There were also significant differences in the relative abundance of Actinobacteria from the dunes, open beach, and swash zones (NPMANOVA F = 3.56, p-value = 0.02). The distribution of Actinobacteria negatively correlated with sediment water content (rho −0.55, p-value = 0.05). The distributions of other groups across the beach profile over time were not significant.

Dauphin Island.

UPGMA cluster analyses of Dauphin Island beach transect data unconstrained (Figure S6A) by location had a higher calculated cophenetic correlation coefficient (0.83) (Figure S6B) compared to data constrained by location (coph. corr. 0.59; Figure S6B), although stronger bootstrap values were produced for location-constrained clustering. Like the Grand Isle UPGMA results, clusters of similar communities formed with proximal locations, regardless of sample times. Other clusters formed with samples from locations not necessarily proximal to each other, such as for the foreshore and swash zone sites. SIMPER analyses indicated that the dune communities differed from other beach locations because of the relative abundances of Actinobacteria.

According to NPMANOVA tests, Actinobacteria relative abundances at the dunes significantly differed between the backshore (F = 4.5, p-value = 0.05), foreshore (F = 9.85, p-value = 0.006), and the swash zone (F = 20.65, p-value = 0.008). The distribution of Actinobacteria significantly and negatively correlated with pore water content (rho −0.65, p-value = 0.008), TOC content (rho −0.69, p-value = 0.007), and pore water pH (rho −0.70, p-value = 0.0002). At the dune, 62% of the overall community variation compared to the backshore could be explained by Actinobacteria combined with Gammaproteobacteria, Firmicutes, Betaproteobacteria, and Acidobacteria.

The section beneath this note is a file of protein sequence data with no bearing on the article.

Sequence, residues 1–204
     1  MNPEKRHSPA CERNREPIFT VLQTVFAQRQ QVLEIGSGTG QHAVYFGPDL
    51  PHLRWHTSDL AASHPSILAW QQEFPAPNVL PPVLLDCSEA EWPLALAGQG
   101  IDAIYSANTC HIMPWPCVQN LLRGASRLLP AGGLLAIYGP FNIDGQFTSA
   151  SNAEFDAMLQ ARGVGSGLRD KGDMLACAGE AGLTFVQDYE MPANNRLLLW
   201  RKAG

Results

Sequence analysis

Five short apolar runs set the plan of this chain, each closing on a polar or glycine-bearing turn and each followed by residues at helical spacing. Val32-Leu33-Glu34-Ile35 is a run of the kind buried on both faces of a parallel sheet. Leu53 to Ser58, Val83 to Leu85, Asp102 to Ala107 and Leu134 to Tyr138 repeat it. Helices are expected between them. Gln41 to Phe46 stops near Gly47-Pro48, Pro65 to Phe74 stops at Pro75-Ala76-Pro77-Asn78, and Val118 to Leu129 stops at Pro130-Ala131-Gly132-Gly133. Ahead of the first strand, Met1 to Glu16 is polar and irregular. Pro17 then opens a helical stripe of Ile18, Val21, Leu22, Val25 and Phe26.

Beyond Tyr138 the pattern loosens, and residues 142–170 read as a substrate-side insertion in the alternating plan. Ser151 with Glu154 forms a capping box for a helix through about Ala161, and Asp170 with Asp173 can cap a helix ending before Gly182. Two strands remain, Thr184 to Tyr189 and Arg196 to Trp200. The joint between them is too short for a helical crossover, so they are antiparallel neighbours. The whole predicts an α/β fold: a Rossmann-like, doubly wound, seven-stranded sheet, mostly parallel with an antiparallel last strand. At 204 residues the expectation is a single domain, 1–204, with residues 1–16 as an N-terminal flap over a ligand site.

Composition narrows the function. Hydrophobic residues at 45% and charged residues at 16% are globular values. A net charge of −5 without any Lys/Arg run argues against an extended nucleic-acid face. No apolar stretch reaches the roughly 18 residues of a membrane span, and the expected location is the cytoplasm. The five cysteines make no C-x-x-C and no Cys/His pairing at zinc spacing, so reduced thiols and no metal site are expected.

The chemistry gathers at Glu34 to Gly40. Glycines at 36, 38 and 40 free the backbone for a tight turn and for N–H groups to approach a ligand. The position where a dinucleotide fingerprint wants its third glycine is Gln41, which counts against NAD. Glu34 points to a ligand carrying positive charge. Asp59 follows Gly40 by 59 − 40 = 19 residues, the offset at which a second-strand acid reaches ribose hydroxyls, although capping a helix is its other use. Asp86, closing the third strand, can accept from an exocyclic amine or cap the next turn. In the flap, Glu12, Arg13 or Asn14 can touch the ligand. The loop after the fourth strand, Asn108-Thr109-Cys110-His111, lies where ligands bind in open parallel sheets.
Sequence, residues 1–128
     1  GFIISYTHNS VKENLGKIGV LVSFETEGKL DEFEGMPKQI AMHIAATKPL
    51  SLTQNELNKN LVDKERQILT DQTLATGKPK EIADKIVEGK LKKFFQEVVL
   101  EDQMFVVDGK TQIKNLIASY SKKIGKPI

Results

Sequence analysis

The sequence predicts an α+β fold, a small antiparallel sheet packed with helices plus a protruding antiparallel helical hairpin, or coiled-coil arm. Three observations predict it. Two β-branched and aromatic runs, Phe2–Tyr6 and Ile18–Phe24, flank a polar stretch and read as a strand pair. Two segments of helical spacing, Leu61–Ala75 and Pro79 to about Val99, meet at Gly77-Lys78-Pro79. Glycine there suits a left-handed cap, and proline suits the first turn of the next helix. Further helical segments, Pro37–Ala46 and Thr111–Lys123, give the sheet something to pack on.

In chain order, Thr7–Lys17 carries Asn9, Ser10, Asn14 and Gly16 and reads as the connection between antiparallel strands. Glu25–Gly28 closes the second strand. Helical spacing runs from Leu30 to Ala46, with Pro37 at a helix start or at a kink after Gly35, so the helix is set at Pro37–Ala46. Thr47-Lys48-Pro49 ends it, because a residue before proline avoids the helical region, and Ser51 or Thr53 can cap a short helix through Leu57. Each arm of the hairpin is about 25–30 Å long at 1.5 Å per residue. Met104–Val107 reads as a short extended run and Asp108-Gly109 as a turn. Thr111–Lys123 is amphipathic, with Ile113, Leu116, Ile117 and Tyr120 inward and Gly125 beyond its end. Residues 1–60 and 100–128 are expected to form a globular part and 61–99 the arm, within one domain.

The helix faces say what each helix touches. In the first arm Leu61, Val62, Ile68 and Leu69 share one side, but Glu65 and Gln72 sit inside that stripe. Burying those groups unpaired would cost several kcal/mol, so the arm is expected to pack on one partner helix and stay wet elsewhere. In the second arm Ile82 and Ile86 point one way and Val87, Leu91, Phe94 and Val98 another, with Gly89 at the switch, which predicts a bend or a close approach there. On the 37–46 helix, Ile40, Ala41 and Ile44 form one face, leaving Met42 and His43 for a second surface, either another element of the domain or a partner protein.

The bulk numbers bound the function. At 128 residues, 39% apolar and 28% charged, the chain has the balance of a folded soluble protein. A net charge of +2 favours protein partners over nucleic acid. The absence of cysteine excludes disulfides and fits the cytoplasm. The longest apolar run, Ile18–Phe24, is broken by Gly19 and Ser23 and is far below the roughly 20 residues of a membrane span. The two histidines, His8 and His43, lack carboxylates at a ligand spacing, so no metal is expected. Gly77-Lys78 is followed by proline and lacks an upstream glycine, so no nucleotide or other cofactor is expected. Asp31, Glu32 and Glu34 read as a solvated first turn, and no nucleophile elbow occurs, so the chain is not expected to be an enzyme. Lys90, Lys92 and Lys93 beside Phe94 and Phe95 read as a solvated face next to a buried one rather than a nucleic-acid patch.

Relative abundances of Gammaproteobacteria, Firmicutes, Betaproteobacteria, Bacteroidetes, and Epsilonproteobacteria explained 65% of the differences between backshore and foreshore communities, and Gammaproteobacteria, Firmicutes, Betaproteobacteria, Bacteroidetes, and Deltaproteobacteria explained 68% of the differences in the foreshore and swash zone communities. Overall, Gammaproteobacteria represented a significant portion of the foreshore and backshore open beach and swash zone areas (Figure 4B; Table S4), although representation among the gammaproteobacterial groups, depending on location along the beach transects, changed over time (Figure 5A; Figure S7B). The distribution of Gammaproteobacteria positively correlated to pore water content (rho +0.62, p-value = 0.001), TOC (rho +0.65, p-value = 0.0009), and weakly to the extent of remediation at the beach (rho +0.37, p-value = 0.08). The distribution of Gammaproteobacteria negatively correlated to the distribution of Betaproteobacteria (rho −0.63, p-value = 0.001) and Acidobacteria (rho −0.56, p-value = 0.005), and positively to Spirochaetes (rho +0.54, p-value = 0.0008) and Nitrospira (rho +0.42, +p-value = 0.05). From May and June 2010 sampling times, more than 40% of the Gammaproteobacteria were Enterobacteriales and ∼20% were Xanthomonadales. These groups (along with Epsilonproteobacteria) were undetected later in the study from the swash zone (Figure 5A), although representation among the Epsilonproteobacteria spiked in May 2011 open beach samples where there was a back-beach pond (Figure 4B). Incidentally, Epsilonproteobacteria from the Campylobacterales order, dominated by Helicobacter spp. that represented >45% of the community, were prevalent within the swash zone in May 2010, further indicating potential fecal contamination of the beach [75]. Thiotrichales became the most abundant gammaproteobacterial group in August 2010, being represented by predominately Piscirickettsiaceae (e.g., Methylophaga spp.) and Thiotrichaceae (e.g., Leucothrix spp.) (Figure S7B). The relative abundance of Thiotrichales decreased over time, but the relative abundance of Chromatiales increased, predominately among the Ectothiorhodospiraceae (e.g., Ectothiorhodosinus spp.). Ectothiorhodosinus spp. only represented ∼11% of all Gammaproteobacteria in May and June 2010 foreshore samples, but dominated December 2010 and May 2011 foreshore sediments at 19% and 41%, respectively, compared to other gammaproteobacterial groups (Figure 5A and Figure S7B). In the backshore sediments, Ectothiorhodospiraceae were undetected in May/June 2010, but represented ∼11% of the community by August 2010 and became the most abundant gammaproteobacterial group by December 2010 (Figure S7B). Foreshore sediments were dominated by Pseudomonadales in August 2010, but this group decreased to nearly undetectable levels by May 2011.